Soil polluted by industrial activity is not an inert material. Even when the activity that generated the pollution has disappeared, the contaminated soil continues to affect bodies and ecosystems. This issue has nevertheless remained a minor concern in management policy for industrial toxicity. In most European countries, appropriate legislation developed only in the late twentieth century, even though the pollution of water, air, and bodies had been the subject of legislation beginning in the nineteenth century.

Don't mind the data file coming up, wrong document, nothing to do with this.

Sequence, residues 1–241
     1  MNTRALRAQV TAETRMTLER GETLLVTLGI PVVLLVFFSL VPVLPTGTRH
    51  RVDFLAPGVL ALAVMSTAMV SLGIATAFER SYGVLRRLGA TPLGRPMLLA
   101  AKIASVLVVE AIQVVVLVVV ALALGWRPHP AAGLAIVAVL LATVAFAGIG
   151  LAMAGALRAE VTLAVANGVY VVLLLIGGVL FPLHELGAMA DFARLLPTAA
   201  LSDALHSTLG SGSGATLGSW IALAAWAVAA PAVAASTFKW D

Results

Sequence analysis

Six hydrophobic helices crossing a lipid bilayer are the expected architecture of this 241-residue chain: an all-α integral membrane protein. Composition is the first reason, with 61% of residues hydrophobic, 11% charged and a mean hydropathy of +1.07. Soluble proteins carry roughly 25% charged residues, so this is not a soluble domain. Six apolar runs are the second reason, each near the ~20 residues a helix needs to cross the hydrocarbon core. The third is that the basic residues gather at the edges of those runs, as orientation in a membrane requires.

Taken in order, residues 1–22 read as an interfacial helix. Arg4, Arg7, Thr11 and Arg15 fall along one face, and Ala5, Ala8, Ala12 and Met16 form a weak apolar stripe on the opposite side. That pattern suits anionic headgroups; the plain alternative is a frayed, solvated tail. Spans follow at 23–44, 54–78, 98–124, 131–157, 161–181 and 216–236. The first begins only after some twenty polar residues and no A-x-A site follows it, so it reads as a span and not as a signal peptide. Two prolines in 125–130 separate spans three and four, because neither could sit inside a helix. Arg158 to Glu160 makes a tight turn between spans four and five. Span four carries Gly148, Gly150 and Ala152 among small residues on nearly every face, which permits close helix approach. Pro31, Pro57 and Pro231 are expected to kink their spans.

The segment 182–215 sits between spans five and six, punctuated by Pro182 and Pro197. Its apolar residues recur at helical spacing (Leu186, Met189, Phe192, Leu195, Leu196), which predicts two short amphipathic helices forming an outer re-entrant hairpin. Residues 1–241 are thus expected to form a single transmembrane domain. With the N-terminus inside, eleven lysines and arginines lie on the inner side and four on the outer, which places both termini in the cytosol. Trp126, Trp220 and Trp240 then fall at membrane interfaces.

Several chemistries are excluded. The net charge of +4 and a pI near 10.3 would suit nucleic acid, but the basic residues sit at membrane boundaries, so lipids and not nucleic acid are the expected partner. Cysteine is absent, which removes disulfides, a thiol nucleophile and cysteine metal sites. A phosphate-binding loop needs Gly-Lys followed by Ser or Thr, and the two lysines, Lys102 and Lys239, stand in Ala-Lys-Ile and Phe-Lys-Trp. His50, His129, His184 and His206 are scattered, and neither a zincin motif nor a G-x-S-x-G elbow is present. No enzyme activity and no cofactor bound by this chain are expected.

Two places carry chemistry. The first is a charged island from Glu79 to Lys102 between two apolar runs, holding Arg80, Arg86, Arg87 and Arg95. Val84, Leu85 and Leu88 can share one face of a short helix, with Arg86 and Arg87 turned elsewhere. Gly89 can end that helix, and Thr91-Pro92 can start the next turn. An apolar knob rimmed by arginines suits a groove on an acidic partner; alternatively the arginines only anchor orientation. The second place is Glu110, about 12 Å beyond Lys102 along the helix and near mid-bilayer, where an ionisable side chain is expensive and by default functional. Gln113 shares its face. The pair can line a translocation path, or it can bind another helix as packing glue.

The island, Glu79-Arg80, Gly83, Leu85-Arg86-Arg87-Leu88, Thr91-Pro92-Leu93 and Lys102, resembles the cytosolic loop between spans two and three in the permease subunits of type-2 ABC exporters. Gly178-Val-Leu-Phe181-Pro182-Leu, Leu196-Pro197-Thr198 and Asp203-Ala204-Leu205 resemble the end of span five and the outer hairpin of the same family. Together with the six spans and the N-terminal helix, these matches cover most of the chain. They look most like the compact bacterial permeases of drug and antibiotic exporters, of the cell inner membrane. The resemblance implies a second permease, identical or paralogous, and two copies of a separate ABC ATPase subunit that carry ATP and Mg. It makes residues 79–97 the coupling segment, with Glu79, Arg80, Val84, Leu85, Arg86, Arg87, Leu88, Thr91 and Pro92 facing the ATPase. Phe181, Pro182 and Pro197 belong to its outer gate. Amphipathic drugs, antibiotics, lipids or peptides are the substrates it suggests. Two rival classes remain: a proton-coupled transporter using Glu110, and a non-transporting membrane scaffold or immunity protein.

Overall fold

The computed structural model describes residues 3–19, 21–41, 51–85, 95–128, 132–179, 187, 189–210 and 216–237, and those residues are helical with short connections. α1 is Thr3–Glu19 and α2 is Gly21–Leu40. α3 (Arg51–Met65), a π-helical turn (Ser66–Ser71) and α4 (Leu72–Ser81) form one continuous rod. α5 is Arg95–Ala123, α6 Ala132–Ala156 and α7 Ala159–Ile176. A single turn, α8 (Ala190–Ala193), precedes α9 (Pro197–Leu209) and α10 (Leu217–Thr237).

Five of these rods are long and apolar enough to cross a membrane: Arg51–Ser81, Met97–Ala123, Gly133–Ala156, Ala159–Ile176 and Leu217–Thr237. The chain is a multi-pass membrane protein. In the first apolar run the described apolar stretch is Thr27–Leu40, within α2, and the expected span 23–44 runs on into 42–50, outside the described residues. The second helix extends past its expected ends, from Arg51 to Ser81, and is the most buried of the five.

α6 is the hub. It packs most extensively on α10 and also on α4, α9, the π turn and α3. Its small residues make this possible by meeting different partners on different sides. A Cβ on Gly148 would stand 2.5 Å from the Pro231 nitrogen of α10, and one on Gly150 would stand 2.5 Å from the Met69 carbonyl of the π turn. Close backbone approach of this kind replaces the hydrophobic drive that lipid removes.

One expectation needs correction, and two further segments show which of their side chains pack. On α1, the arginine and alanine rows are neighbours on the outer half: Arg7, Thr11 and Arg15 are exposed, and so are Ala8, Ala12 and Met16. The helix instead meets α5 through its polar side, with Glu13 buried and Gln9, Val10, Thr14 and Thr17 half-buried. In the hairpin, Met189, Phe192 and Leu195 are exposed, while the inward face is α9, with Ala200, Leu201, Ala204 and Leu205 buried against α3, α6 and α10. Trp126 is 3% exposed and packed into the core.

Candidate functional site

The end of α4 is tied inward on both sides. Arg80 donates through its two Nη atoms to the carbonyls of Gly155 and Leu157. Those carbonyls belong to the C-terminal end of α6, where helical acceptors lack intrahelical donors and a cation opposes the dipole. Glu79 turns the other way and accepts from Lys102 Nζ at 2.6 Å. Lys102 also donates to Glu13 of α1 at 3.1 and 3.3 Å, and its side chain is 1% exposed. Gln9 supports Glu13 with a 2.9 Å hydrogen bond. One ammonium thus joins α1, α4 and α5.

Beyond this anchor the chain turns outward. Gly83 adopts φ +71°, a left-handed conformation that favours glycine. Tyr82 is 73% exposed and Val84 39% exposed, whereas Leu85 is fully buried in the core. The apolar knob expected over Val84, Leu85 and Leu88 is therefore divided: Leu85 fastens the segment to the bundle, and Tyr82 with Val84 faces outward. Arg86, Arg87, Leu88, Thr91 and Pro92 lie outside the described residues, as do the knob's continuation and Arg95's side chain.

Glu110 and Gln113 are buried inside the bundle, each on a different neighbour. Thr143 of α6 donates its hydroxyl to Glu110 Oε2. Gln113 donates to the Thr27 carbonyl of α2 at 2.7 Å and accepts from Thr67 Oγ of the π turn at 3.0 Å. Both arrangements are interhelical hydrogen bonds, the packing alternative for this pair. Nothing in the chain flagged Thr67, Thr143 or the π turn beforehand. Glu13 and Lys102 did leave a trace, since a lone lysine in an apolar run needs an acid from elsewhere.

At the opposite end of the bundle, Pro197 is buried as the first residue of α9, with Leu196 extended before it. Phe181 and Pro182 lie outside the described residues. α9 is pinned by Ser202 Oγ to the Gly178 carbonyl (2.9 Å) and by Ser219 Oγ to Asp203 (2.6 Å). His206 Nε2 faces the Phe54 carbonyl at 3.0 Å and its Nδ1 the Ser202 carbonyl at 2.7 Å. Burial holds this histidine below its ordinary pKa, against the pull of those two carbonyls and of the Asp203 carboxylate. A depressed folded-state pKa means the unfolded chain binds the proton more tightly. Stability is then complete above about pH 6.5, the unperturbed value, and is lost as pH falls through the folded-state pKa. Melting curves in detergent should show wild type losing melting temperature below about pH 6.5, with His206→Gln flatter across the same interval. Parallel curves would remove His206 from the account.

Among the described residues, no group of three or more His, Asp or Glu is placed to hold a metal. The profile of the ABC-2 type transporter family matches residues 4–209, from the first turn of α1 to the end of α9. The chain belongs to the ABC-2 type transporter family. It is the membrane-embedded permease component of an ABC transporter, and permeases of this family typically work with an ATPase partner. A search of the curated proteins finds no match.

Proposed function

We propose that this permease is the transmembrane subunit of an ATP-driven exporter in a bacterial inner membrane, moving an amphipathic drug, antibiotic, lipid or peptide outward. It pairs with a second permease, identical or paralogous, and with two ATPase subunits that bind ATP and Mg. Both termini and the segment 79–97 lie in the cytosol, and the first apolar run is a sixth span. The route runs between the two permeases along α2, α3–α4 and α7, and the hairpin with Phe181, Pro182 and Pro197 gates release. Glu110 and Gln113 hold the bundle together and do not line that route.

The bacteria paradigm, the belief in the dilution capacity of environments, and the delayed health effects of chronic soil contamination partly explain these diverging temporalities. Governments did not give consideration to a nevertheless fundamental principle of chemistry, the conservation of mass: the pollutants spread by air and water are ultimately deposited in the soil and sediments. Furthermore, sector-specific improvements in the fight against pollution led to negative collateral effects on soil, as bans on dumping toxic substances in water often shifted the problem to the pedosphere. The toxic metabolism can therefore only be conceived holistically.